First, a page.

Increasing numbers of landlords are deep in the red, and that's a disaster for all of us.
I’ve only rented property once, while I was at Uni, and I’d be lying if I said it was a pleasant experience.
Our landlord, for want of a better phrase, was utterly useless. For the best part of two years we had to put up with a kitchen door with a foot-shaped hole in it (a present from the previous tenants).
Thankfully, I’m well aware that such a shoddy experience is not the norm, and that the vast majority of landlords provide a great service.
A sea of debt
However. despite the vital role landlords play, an increasing number are falling perilously deep into debt.
A new report from debt solutions firm IVA.com has found a 53% jump in the number of buy-to-let investors struggling to pay their creditors.
In the firm’s own words, it has seen “near meltdown” among buy-to-let professionals, with typical debts in the range of £163,000 to £201,000.
A tough time for landlords
The last few years have seen some seriously difficult times for landlords. Not only has competition among the buy-to-let sector all but disappeared, leaving them with very few refinancing options, they have also seen serious problems with rental arrears, as tenants lose their jobs, or struggle with their own debts.
At the tail-end of last year, the National Landlord’s Association highlighted the problems many landlords have faced recently. Nearly three quarters of landlord members had experienced rental arrears – and almost half of those landlords had seen their tenants fall behind on rent in the preceding 12 months.
Things have improved
Thankfully, things have improved somewhat for the beleaguered landlord. Figures from the Council of Mortgage Lenders in February revealed landlord arrears levels had fallen 37% year-on-year, while repossessions had also dropped 25%.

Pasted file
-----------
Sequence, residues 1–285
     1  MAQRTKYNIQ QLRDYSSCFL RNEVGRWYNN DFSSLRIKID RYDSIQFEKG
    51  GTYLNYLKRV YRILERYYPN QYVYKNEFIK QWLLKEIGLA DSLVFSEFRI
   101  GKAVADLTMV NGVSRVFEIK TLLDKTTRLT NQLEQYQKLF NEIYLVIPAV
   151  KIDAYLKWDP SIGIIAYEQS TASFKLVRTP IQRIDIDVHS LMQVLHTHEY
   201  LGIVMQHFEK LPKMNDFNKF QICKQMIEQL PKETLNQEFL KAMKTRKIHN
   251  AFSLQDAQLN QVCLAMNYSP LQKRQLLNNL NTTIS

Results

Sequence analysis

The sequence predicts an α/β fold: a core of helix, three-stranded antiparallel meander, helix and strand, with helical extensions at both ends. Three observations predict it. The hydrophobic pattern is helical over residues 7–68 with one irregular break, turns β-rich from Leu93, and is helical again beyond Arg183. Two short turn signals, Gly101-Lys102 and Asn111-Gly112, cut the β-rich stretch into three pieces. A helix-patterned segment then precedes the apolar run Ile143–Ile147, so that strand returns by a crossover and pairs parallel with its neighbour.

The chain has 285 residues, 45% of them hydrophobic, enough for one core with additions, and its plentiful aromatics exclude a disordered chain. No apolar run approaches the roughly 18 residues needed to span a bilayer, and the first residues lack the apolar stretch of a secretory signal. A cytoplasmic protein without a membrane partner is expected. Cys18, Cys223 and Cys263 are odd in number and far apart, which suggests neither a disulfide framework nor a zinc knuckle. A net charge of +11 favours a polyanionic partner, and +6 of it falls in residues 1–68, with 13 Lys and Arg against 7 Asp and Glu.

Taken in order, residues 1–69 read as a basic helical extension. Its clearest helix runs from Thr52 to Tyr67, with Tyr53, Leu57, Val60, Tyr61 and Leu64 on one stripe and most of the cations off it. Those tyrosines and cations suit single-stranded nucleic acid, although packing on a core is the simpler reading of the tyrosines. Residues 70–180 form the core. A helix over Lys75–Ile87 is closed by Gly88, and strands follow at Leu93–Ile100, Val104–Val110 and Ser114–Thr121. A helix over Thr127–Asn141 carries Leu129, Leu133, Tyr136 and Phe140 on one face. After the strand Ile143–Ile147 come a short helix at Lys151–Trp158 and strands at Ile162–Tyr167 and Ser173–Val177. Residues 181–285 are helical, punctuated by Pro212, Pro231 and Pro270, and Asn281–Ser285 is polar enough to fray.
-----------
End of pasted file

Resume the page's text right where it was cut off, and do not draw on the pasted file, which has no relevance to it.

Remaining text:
While this is welcome, clearly a large number of landlords are still struggling, and in need of some serious help.
A helping hand with the mortgage
A huge problem in my view is that when the Government announced its various schemes to help struggling borrowers, it completely ignored buy-to-let landlords.
So while mainstream borrowers can take advantage of a number of different vehicles to help them get through their difficulties, no such help is available to landlords, who are forced to carry on regardless, even as their tenants fall further and further behind on the rent, and as a result they miss their own mortgage payments.
A boost for first-time buyers?
At this point, a fair number of you will no doubt be thinking: “Good."
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But, if buy-to-let landlords are struggling, there will be fewer investors sniffing around the traditional first-time buyer properties, thereby enabling them to snaffle up a few bargains.
Not so good for the market
However, I’m not so sure landlords drowning in debt can be seen as a good thing for the rest of us.
If you are a tenant, for your landlord to be struggling to get by is a disaster. For starters they may be unable to afford the improvements that your rented home desperately needs.
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If the worst then happens, and the property is repossessed, you face huge uncertainty. While the lender will initially appoint an agent to collect the rent on their behalf, they may choose to sell the property. And where does that leave the tenant? You could be homeless in a matter of weeks.
It's also a problem for future renters. Buy-to-let investors are currently filling the hole left by the sale (and non-replacement) of social housing two decades ago. There is a property shortfall as it is, and if landlords are forced out of the market by this debt, that shortfall will only get worse. As a result, not only will choice disappear, but so will competition, meaning rents will creep up.
It’s not exactly good news if you already own your home either. A street full of repossessed rental properties is not going to do much for your own home’s worth is it?
Not popular – but vital
I’m not a buy-to-let landlord, nor do I aspire to be one. But whether you like it or not, landlords provide an essential service in the UK’s property market, one that the State has neither the resources nor the inclination to match.
And if they are allowed to drown in debt, we will all suffer as a result.
So I think landlords should be afforded exactly the same help as normal borrowers in order to give them a helping hand out of debt - and that it’s in all of our interests that they are given a boost.
But what do you think? Let us know using the comments box below!
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